Learn how to cut a mango using a few simple techniques to yield the most fruit. The bright orange sweet flesh can be sliced or diced and be enjoyed as a stand-alone snack or added to various recipes.
Sweet, tart and juicy golden flesh of ripe mangos is a sought out tropical fruit, especially when at their peak season in the spring and summer. The only hesitation in adding the fruit to recipes is the seemingly daunting task to remove the flesh.
The thick skin cannot be quickly blanched and peeled off like tomatoes, and there is a relatively large pit in the center, making it more difficult to cut. However, those mere obstacles shouldn’t stop you from treating yourself to this fragrant fruit. Follow these simple step-by-step instructions on how to cut a mango with ease!
How to Cut a Mango
The following guide is my preferred method to yield the most flesh from a mango. It only requires four major cuts and then scoring the flesh to make slices or cubes.
All you need is a sharp knife (chefs knife is recommended, but a paring knife will work) and a large spoon. If you prefer removing the skin from the mango before cutting, a Y-peeler will come in handy. Be careful when cutting, as the flesh can be very slippery.
Step 1: Slice off the sides, aka “cheeks”
Place the mango flat on the cutting board, with the bottom sitting upright and the stem pointing up. The goal is to cut as much of the cheek off from the long and oblong white pit in the center of the mango.
It’s best to cut from the widest and more flat sides of the mango first to obtain the most flesh. Position the knife adjacent to the center of the stem, cutting along the sides of the pit. You will yield two large oval pieces of fruit.
Cut the two small sides off the mango to remove the flesh from the seed. There will be four total pieces of fruit. You can cut the remaining mango flesh attached to the seed, or if you’re like me, reward yourself by eating around the pit for a quick well-deserved snack!
Stp 2: Score the Flesh
Holding the mango steady on the cutting board. Make long slits lengthwise to create multiple parallel lines of desired thickness. To make cubes, turn the mango 90 degrees and cut similar sized lines perpendicular to the other tracks as to form a crosshatch pattern. Be careful not to cut through the mango skin. Score the two smaller pieces similarly for slices or cubes.
Step 3: Scoop the Flesh
Now you can remove the mango pieces two ways. The first method is called the “hedgehog.” Hold the scored mango cheeks with two hands. Then placing thumbs on the flesh side of each end, use the middle and index fingers to push and invert the skin.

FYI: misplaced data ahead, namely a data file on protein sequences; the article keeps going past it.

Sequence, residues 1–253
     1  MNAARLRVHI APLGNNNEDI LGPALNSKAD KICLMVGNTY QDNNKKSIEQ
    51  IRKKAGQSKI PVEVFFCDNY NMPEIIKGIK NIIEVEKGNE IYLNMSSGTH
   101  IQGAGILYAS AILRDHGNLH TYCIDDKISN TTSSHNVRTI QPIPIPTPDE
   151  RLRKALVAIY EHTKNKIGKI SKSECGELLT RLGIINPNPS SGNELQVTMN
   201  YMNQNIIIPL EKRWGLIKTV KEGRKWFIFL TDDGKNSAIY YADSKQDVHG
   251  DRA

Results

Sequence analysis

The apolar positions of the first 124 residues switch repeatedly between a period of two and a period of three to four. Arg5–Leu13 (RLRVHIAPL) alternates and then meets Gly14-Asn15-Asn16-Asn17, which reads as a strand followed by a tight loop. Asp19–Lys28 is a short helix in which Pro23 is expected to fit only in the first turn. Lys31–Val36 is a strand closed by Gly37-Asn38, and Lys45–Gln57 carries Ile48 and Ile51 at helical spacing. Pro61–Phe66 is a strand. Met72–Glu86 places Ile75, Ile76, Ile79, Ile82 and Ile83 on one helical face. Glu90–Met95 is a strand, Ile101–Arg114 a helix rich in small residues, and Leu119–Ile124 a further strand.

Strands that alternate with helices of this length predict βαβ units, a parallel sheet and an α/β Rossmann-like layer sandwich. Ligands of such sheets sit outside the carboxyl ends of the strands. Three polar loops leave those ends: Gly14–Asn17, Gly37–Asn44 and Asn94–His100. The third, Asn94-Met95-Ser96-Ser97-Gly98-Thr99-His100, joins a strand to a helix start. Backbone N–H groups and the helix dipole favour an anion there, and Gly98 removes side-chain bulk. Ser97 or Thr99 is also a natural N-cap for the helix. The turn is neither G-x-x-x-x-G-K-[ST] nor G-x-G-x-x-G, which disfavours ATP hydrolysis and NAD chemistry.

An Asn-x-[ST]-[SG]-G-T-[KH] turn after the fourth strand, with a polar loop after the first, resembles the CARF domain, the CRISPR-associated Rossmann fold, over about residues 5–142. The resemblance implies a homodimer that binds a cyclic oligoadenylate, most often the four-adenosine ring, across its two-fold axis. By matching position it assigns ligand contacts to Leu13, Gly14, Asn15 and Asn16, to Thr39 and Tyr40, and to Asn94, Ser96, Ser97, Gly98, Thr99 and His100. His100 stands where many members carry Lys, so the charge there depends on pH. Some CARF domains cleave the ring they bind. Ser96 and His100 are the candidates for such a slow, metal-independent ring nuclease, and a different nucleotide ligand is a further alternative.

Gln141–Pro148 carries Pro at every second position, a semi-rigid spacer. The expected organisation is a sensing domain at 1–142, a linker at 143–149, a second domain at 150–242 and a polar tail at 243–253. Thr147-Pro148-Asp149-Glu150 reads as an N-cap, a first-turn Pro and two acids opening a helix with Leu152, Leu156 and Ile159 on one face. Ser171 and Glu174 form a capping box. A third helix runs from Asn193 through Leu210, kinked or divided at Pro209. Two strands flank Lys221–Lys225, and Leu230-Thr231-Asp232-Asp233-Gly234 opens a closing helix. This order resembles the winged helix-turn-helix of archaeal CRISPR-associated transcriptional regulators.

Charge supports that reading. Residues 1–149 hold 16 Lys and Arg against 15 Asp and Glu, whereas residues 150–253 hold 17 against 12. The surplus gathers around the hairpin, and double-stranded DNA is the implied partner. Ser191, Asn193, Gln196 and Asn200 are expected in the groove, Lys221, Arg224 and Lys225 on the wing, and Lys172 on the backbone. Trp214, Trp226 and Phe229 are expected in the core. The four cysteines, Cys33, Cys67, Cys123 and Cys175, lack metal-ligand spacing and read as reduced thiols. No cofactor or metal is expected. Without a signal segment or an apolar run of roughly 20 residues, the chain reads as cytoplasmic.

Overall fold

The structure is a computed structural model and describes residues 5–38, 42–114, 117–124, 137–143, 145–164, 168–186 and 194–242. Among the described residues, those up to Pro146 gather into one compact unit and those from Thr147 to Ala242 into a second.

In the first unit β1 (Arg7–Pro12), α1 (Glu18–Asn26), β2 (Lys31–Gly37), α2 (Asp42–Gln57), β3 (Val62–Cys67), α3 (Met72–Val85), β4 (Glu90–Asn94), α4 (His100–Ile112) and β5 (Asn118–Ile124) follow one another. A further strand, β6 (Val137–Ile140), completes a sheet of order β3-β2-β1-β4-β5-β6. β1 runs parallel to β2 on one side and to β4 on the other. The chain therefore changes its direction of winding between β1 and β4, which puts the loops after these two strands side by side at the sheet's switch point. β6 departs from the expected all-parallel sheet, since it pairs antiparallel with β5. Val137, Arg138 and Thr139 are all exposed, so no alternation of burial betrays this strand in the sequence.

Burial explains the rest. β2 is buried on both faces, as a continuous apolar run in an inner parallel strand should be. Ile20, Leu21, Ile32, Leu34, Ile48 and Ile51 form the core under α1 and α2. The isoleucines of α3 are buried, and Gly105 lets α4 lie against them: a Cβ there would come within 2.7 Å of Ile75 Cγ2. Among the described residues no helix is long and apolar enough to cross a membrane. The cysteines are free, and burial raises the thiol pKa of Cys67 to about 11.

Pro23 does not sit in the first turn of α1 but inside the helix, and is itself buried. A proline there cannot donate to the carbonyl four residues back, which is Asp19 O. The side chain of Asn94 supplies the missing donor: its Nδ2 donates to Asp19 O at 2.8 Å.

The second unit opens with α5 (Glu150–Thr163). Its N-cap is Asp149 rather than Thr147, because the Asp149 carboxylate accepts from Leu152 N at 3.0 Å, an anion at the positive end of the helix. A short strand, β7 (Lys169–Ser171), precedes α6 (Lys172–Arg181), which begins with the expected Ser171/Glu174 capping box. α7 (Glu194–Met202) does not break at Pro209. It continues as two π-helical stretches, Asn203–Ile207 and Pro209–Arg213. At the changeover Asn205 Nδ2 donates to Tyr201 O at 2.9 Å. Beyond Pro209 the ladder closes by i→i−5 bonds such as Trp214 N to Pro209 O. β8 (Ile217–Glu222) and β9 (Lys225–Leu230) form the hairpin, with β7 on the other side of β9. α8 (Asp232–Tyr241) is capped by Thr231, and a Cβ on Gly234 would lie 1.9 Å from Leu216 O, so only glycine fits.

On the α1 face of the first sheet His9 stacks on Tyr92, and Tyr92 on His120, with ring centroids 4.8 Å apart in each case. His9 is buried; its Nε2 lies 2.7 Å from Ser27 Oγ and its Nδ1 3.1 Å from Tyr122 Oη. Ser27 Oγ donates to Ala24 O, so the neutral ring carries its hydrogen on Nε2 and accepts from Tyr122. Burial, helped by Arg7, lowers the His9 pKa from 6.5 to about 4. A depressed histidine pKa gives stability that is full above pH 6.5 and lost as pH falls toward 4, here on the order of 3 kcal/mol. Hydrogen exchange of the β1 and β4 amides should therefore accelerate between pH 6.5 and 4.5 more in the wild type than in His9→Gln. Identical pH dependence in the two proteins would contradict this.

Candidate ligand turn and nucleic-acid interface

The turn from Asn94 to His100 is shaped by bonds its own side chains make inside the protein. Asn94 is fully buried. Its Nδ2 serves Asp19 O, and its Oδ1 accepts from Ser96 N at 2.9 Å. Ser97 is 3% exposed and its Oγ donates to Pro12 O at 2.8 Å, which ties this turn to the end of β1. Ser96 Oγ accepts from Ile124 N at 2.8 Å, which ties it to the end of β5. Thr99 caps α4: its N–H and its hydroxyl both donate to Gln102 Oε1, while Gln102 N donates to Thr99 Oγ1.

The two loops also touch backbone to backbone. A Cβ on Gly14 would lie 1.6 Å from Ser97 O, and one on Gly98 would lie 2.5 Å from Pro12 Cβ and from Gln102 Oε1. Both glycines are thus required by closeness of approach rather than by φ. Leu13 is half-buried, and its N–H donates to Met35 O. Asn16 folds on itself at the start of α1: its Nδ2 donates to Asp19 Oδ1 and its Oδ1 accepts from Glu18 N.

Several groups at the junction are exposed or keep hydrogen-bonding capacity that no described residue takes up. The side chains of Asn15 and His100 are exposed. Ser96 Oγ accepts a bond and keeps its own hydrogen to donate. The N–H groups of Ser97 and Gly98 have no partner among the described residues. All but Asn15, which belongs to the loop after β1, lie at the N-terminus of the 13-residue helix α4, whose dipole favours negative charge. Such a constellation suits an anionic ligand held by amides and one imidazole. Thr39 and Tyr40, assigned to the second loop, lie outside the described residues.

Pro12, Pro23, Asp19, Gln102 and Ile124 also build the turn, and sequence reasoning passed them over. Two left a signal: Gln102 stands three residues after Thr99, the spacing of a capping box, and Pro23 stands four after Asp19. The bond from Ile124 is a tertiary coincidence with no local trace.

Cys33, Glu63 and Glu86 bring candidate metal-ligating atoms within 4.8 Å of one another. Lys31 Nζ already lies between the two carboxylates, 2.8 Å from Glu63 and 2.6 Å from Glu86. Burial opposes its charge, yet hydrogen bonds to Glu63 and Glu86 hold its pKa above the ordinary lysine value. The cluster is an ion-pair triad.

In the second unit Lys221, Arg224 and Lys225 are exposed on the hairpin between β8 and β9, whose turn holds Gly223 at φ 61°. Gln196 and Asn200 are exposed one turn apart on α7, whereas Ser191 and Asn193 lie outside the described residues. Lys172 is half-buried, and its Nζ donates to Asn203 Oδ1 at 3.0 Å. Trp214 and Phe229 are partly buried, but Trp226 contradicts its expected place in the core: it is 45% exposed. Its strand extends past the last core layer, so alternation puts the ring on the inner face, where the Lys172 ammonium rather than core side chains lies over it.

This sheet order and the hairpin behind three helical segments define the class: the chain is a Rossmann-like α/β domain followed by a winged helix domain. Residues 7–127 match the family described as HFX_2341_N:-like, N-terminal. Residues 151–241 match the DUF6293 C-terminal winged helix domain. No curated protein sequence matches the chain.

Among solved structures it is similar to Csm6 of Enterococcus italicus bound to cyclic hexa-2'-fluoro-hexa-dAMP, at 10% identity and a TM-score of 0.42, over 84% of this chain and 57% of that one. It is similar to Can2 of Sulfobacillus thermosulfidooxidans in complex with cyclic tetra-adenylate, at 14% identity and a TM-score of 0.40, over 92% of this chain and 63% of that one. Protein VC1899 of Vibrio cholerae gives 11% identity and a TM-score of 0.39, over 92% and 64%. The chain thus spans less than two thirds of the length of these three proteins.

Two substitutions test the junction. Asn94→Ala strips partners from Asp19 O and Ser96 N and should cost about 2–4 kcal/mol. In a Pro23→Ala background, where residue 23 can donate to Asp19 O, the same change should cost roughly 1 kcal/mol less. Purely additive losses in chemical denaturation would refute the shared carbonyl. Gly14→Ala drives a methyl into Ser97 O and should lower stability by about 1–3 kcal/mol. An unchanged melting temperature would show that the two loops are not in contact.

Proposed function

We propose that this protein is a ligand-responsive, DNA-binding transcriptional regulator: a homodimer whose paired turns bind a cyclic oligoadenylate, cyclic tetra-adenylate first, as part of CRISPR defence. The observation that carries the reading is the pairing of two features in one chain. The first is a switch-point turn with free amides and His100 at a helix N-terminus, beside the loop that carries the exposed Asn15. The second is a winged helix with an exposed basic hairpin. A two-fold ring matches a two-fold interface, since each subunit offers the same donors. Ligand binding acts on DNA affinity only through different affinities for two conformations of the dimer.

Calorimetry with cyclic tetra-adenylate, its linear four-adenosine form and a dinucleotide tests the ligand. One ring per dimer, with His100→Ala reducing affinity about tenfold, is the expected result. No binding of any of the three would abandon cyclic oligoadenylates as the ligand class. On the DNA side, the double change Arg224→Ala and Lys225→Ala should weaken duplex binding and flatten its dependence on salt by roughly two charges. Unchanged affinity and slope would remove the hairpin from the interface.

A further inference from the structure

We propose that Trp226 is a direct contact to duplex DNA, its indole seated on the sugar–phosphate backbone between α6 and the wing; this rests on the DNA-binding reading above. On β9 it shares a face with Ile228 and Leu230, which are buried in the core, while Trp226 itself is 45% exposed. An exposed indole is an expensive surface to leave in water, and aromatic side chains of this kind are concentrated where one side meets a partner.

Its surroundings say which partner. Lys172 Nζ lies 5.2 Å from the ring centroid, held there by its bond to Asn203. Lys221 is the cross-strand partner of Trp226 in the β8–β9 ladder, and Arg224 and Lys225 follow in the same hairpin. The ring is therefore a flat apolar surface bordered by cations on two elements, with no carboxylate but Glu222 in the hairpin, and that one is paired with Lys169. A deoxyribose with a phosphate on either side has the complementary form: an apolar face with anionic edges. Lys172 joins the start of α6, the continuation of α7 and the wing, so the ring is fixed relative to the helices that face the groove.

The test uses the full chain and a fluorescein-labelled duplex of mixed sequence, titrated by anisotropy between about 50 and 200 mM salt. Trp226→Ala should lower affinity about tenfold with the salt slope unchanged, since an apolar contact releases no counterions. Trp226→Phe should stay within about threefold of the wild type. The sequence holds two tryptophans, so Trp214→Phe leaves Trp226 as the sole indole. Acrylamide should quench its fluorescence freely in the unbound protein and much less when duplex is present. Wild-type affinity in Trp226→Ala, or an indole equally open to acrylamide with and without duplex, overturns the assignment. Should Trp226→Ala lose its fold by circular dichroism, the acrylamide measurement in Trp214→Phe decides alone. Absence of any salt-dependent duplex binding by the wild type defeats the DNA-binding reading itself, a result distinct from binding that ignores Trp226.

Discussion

This process makes the mango appear like the quills of a hedgehog. You can then use a paring knife to remove the pieces. Note that this technique only works well for mango cubes.
The second and easier method is to hold the scored mango cheek in your hand. Then using a large spoon to scoop out the fruit, scraping as close to the flesh as possible. Now your possibilities for using mango are endless! Try it with grilled chicken or grab some chips and make a mango salsa.
Once mango is cut, store in an airtight container for up to 5 days. Cut mangos can also be placed in a resealable plastic bag in portions to be used in recipes later like in smoothies. To prevent them from sticking together, you can also put the mangos on a small parchment paper lined sheet pan, freeze until hardened and then transfer to a resealable bag for storage in the freezer.
More How-To techniques
If you try this technique, please let me know! Leave a comment, rate it, and don’t forget to tag a photo #jessicagavin on Instagram. I’d love to see what you come up with. Cheers, friends!
Nutritional Benefits of Mangos
The delightful flavor of mango or Mangifera indica L. also packs a nutritional punch. Mangos are high in fiber, antioxidants, vitamin, and minerals. You can see the beta-carotene in the flesh, giving its characteristic orange hue. In a one cup serving of diced mangos, there are approximately 121 calories, 2 grams of fiber, 26 g carbohydrates, 46 mg vitamin C, and 1262 IU vitamin A, plus other nutrients (Source: USDA Nutrient Database).
How to Cut a Mango
- 1 mango
- Place the mango flat on the cutting board, with the bottom sitting upright and the stem pointing up.
- Position and cut the mango from the widest, and more flat sides first to obtain the most flesh.
- Position the knife adjacent to the center of the stem, cutting along the sides of the pit.
- Cut the two small sides off the mango to remove the flesh from the seed. There will be four total pieces of fruit.
- Hold the mango steady on the cutting board. Make long slits lengthwise to create multiple parallel lines of desired thickness.
- To make cubes, turn the mango 90 degrees and cut similar sized lines perpendicular to the other lines to create a crosshatch pattern. Be careful not to cut through the mango skin.
- Score the two smaller sides similarly for slices or cubes.
- Use a large spoon to scoop out the flesh of the mango from the skin.
- Use immediately or refrigerate cut mango pieces in an airtight container for up to 5 days.
- Mango pieces can also be stored in resealable bags in the freezer for later use.
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